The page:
A legend and role model in my world, Nelson Mandela ([1]), left us a legacy, a deep understanding of the choice and freedom that we have each and every day of our lives. He said “your freedom in life lies in the gap between stimulus and response”. When we listened to him talk we notice that he spoke with a distinctive deep tone, and yet what he said was slow yet impactful. People listened to what he said, perhaps because of having spent some 27 years in jail, yet I believe it is because he weighed up how he responded. Like you and me he felt the impact of external events, yet he knew that he had a choice, and he lived that choice. It was his choice to respond that he made each and every day, which set him apart and made him the great man that he became. It is our choice and it is your choice, the choice to respond. When we look at this model for a moment and recognise that when we tap into the power of choice, we truly tap into the power of the universe.
When we look at the model above we can see that our freedom lies between stimulus (cause) and response (effect). We can react, and move into effect, or we can choose to respond, and move back to cause, the choice is ours. When someone annoys you, or cuts in front of you driving often you react with some feisty words like “idiot” or “bastard” or worse, expressing our outrage, and the sad reality there is only one person truly listening to you, and that person is you. What we are invited to do is to pause for a moment, think of how we would like to respond rather than react and then express ourselves. For example a performance clown I knew used to respond with the words “silly sausage” in a high pitch tone and even he started to laugh at the way he said it.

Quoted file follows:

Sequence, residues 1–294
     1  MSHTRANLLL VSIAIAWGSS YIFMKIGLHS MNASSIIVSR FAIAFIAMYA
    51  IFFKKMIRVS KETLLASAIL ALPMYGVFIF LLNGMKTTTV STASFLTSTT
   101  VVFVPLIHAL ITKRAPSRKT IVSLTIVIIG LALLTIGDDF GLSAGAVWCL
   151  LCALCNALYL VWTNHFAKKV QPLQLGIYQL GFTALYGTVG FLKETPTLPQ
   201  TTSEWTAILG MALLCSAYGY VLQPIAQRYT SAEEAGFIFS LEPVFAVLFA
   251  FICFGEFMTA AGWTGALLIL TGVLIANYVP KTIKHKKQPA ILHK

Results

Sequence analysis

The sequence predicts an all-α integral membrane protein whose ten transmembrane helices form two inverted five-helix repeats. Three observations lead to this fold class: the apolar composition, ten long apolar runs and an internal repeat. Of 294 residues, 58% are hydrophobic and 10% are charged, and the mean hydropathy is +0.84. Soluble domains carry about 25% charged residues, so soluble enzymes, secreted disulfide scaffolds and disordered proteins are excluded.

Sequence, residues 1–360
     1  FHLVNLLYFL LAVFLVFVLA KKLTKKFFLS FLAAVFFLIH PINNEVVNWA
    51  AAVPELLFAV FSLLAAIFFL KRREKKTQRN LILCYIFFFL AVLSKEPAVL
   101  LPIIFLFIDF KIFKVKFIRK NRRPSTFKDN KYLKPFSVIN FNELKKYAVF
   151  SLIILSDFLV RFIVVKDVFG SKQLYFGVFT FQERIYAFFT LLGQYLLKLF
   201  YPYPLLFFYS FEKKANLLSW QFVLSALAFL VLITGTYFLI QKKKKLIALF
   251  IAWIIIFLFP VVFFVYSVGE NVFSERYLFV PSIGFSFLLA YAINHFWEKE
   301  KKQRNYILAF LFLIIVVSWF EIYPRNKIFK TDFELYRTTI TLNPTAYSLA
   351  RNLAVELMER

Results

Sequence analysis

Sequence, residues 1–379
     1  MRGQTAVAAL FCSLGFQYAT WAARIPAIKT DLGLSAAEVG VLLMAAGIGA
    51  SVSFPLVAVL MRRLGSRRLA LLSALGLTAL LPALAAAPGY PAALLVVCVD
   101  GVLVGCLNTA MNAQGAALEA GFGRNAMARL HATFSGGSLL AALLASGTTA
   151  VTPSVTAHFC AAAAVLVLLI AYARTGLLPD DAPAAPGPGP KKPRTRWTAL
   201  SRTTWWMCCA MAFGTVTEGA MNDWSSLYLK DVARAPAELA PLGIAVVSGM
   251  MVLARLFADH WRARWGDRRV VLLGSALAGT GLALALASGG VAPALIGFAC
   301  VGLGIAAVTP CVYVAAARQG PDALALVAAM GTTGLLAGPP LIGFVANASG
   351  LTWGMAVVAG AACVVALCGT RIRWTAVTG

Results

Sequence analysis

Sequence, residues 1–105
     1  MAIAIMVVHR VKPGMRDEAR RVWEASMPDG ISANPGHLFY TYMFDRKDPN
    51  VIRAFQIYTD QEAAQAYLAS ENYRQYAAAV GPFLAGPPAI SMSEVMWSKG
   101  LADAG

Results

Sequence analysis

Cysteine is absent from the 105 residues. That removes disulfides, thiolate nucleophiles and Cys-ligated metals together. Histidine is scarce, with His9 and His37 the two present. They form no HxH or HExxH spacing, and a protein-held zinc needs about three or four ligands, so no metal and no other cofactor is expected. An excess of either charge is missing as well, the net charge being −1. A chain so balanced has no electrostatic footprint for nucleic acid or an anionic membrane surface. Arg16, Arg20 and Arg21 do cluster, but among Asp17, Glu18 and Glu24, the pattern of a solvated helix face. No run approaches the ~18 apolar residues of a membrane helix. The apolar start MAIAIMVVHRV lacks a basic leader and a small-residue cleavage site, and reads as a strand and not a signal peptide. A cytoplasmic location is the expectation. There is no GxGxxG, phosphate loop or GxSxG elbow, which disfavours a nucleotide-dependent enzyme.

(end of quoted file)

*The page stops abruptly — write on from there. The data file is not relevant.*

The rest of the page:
When we model Mandela, we notice that his speech was slightly slower, his response was thought out and he deliberated over each word before choosing to respond. This is what made him the great man that he was, leaving behind a remarkable model and legacy. It was his consistent
commitment and choice to respond rather than to react. And it up to us to carry that light forward into the world, giving ourselves and others permission to shine (through taking action). So in what ways can we make an active decision to respond, rather than react? In how many ways can we choose to move back to cause from effect?

 

[1]
Nelson Mandela was the former president in South Africa, and achieved the Nobel Peace Prize in 2003, for his work in the transformation of South Africa into a new democratic country in 1994 (The Nobel Peace Prize 1993, 2014) and was modelled by NLP Master Tyrrell Fairhead in his book The Madiba Mindset (Fairhead, 2011)
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